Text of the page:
In this Women’s Month, let us remember all women in our liberation struggle and not only the ones with a history in the ANC. When I attended the funeral of a former revolutionary, Neville Alexander, who spent 10 years on Robben Island as a fellow prisoner of Nelson Mandela, I was reminded of the Yu Chi Chan Club (YCCC). The meaning of this Chinese name means “guerrilla warfare”.
This was a club made up of leftist revolutionaries who took their contributions to the revolution very seriously and were prepared to make sacrifices in pursuit of such principles as non-racialism, non-sexism and democracy. Marcus Solomon was another member who also spent a “short” stint on Robben Island of 10 years.
The YCCC disbanded in late 1962 and was replaced by the National Liberation Front (NLF). In July 1963, Neville, along with most members of the NLF, was arrested. In 1964, he was convicted of conspiracy to commit sabotage. From 1964-1974 he was imprisoned on Robben Island. What most people do not know is what happened to the other members and in particular, the women in the group. I want to dedicate this article to them.
The treason trial of the Yu Chi Chan Club lasted from 1962 to 1964 and led to others being sentenced to imprisonment as well. At first, Elizabeth van der Heyden, with her sister Doris and brother Lesley van der Heyden, received “minor” sentences.
Elizabeth was detained in 1963 and kept in solitary confinement for four months. The charge was promoting revolutionary conspiracy. In 1964 the core group was charged with conspiring to commit sabotage and incite acts of politically motivated violence. At the age of 28, Elizabeth was sentenced again, to an effective 10 years’ imprisonment. After her release in 1973, she was slapped with a further five-year banning order. What I would like to highlight here, though, is although many women cadres served time in prison, few served a continuous 10-year sentence as Elizabeth did.
Doris van der Heyden, Doris Alexander and Dulcie September all received their respective sentences, during which time they endured severe physical and psychological abuse. On Dulcie’s release, she too was slapped with a five-year banning order. Afterwards, she made her way into exile in 1973 where she naturally joined the anti-apartheid movement. In 1983 she was appointed as ANC Chief Representative in France. Five years later, she was too much of a threat to the apartheid security police and she was assassinated outside the ANC Paris office. She was shot five times in the head with a .22-calibre silenced rifle.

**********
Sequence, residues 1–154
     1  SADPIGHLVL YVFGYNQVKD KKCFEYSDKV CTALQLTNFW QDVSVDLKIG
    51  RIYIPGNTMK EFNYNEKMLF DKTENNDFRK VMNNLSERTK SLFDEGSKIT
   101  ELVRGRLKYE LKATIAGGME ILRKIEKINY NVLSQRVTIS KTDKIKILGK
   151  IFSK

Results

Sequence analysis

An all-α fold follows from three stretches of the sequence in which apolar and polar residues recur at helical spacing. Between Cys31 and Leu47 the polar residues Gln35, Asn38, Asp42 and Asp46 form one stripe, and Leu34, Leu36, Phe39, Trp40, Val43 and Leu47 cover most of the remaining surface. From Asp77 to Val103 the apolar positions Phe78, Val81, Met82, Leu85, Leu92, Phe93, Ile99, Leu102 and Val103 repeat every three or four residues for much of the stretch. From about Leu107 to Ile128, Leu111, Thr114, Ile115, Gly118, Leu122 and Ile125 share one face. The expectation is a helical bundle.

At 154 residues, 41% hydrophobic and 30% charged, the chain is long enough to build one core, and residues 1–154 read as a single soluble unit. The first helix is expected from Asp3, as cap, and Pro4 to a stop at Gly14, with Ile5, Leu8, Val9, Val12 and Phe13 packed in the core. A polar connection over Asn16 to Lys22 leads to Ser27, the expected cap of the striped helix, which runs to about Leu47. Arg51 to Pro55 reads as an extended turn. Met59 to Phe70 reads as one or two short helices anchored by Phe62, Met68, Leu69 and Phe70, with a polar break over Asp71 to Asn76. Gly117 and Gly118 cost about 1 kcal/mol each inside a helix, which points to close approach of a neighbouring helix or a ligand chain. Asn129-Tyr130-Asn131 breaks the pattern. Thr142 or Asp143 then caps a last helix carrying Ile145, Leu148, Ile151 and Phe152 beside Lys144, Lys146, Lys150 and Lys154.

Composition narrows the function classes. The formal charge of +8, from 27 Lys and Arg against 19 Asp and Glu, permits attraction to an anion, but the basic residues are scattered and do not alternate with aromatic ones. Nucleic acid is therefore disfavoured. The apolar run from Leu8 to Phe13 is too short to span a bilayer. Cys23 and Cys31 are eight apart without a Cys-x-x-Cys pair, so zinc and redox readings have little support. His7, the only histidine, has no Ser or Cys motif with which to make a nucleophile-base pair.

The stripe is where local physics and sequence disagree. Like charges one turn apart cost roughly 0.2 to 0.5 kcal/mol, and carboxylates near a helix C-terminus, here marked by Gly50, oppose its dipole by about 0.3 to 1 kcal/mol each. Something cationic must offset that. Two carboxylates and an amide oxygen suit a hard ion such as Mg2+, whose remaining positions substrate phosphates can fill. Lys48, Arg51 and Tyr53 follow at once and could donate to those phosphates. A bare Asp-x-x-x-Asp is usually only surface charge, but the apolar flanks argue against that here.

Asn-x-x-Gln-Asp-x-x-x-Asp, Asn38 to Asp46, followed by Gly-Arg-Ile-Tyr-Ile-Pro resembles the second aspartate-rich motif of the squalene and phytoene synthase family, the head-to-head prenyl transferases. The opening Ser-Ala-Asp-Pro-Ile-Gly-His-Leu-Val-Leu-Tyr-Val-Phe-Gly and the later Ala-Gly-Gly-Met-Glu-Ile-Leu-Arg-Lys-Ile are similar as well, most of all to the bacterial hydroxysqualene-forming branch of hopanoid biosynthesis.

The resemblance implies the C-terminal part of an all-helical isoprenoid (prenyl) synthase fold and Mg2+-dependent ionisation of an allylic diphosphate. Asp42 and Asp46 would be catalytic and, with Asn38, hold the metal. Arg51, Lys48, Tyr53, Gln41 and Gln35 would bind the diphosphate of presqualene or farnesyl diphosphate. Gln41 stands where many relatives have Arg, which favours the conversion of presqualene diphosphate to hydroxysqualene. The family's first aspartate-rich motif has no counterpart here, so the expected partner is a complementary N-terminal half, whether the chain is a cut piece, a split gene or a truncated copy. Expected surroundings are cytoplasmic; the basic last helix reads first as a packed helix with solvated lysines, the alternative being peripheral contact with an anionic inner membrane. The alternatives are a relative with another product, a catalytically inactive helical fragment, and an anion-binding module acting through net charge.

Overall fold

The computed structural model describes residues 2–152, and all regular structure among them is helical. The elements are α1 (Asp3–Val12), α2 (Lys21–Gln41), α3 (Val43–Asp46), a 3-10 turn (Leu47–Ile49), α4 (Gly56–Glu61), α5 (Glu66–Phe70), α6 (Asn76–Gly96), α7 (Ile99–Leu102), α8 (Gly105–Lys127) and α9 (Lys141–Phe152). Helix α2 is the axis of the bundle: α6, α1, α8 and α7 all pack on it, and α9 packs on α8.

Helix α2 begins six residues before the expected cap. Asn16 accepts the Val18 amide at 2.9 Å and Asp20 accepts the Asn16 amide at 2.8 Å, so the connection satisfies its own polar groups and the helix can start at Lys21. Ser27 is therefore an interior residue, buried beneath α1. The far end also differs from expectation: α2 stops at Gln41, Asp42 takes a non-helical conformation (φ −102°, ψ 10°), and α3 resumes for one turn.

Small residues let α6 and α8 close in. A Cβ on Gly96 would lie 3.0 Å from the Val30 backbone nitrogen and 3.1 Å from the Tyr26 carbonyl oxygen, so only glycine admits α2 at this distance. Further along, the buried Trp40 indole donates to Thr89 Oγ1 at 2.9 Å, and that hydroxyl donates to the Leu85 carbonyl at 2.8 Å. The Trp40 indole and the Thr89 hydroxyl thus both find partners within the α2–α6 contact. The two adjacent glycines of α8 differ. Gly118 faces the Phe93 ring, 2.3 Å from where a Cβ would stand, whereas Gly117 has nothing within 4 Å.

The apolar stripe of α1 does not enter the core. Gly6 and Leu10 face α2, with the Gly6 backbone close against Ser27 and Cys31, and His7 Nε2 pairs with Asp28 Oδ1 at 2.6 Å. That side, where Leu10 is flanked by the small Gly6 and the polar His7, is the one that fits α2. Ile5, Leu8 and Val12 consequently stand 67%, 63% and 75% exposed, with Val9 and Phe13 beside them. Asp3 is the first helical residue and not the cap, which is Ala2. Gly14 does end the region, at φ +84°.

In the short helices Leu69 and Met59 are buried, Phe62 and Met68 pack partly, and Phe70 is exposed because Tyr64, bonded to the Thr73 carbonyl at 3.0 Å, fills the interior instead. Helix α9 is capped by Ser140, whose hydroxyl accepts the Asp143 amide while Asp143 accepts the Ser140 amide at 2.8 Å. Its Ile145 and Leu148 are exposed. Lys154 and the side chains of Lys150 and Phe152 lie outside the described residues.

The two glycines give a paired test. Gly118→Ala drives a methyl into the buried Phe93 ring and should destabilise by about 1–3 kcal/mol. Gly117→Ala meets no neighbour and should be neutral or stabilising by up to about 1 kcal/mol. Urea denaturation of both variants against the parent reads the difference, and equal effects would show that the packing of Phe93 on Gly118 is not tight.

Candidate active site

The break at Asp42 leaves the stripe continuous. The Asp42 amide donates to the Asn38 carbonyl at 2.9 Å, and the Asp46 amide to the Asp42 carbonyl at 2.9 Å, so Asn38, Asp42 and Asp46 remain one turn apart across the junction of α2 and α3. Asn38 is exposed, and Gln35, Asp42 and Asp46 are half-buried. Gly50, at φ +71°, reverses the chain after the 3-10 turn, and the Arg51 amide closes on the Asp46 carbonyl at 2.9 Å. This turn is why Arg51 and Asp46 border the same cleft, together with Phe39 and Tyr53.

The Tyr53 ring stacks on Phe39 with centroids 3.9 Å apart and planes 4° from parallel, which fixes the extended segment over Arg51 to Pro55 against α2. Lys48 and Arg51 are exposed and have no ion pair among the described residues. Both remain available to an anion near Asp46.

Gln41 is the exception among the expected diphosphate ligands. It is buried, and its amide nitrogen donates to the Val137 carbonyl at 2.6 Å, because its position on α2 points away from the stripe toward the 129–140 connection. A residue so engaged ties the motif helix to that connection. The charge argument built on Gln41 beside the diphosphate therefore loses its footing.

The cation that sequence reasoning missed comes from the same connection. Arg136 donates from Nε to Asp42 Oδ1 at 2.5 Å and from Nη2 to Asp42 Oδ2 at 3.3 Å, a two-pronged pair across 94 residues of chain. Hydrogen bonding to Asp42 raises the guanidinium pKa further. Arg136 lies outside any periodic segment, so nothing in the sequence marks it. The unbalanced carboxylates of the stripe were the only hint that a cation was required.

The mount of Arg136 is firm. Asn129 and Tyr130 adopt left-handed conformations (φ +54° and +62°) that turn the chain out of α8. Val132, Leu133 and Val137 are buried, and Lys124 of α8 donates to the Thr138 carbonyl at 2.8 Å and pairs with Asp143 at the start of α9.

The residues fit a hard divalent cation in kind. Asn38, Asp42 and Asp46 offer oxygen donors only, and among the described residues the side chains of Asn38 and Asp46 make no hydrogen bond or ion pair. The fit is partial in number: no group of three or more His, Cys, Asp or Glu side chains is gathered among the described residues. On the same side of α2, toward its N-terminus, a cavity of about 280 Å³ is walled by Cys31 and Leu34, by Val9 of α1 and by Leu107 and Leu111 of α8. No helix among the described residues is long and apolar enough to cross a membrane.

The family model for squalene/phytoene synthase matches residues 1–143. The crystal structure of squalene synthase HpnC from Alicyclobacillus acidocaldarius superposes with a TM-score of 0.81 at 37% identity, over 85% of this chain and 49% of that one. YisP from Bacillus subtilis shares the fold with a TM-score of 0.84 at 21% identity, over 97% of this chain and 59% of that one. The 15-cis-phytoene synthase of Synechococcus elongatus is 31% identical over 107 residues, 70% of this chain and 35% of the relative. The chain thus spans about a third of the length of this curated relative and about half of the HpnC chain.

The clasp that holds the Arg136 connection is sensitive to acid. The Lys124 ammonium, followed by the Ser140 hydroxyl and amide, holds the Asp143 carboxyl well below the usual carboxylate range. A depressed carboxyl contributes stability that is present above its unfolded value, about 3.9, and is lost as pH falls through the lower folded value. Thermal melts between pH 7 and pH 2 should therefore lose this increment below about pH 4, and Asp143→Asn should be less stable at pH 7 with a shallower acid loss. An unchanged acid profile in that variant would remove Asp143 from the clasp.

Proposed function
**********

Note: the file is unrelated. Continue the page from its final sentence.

On 1 August 1985, Victoria Mxenge, anti-apartheid activist, community leader and human rights lawyer was assassinated by apartheid death squads at her Umlazi, Durban, home. The gruesome killing occurred just days after she spoke at the funeral of the murdered UDF-affiliated Eastern Cape activists known as the Cradock Four – Mathew Goniwe, Sparrow Mkhonto, Fort Calata and Sicelo Mhlauli.
There are many other unsung heroes of our liberation movement, too many to mention, but we must always remember the word, Imbokodo. It refers to the stone or rock used for crushing or grinding maize. When the women of 1956 marched on the Union Buildings on 9 August, they marched to the slogan “Wathint’ abafazi, wathint’ imbokodo – you strike the women, you strike the rock.”
The Yu Chi Chan Club (treason trial 1962-64) members were: Elizabeth van der Heyden, Doris van der Heyden, Dorothy Alexander, Dulcie September, Neville Alexander, Fikile Bam, Don Davies, Lionel Davies, Lesley van der Heyden, Marcus Solomons and Gordon Hendricks.
When visiting the Barberton Museum, the museum reminds us who among many women cadres we must never forget. These include Amina Desai, Ann Nicholson, Dorothy Nyembe, Dulcie September, Esther Barsel, Jean Middleton, Sheila Weinberg, Stephanie Kemp, Violet Weinberg, Doris van der Heyden, Florence Duncan, Molly Anderson, Sylvia Neame and so many, many more.
So, as we take stock of everyday politics let us remember the sacrifices of the women of our Struggle.
Let us honour their names with a renewed commitment to the principles of non-racism, non-sexism and democracy.
As we wait for the next instalment of this week’s series, “Mzansi’s implosion — will CR survive?” we must recall the Women’s March on 9 August 1956, where the sole survivor of the leaders of that march, Sophie Williams-De Bruyn today looks at all of us and asks:
“But why? Why all this infighting at the expense of the country?”
The current ANC Women’s League and its leadership is a shadow of its former self – to think they once produced cadres of the calibre of the women mentioned above is impossible to imagine. That they were led by a revolutionary such as Winnie Mandela. How far the apple has fallen from the tree. Let us hope a new generation of young women will pick up the mantle and restore the dignity of the once-glorious ANC Women’s League.
As for the Yu Chi Chan Club, may we never forget the sacrifices they made for our liberation and especially honouring the women of this group.
- Oscar van Heerden is a scholar of International Relations (IR), where he focuses on International Political Economy, with an emphasis on Africa, and SADC in particular.
OPINION: Oscar Van Heerden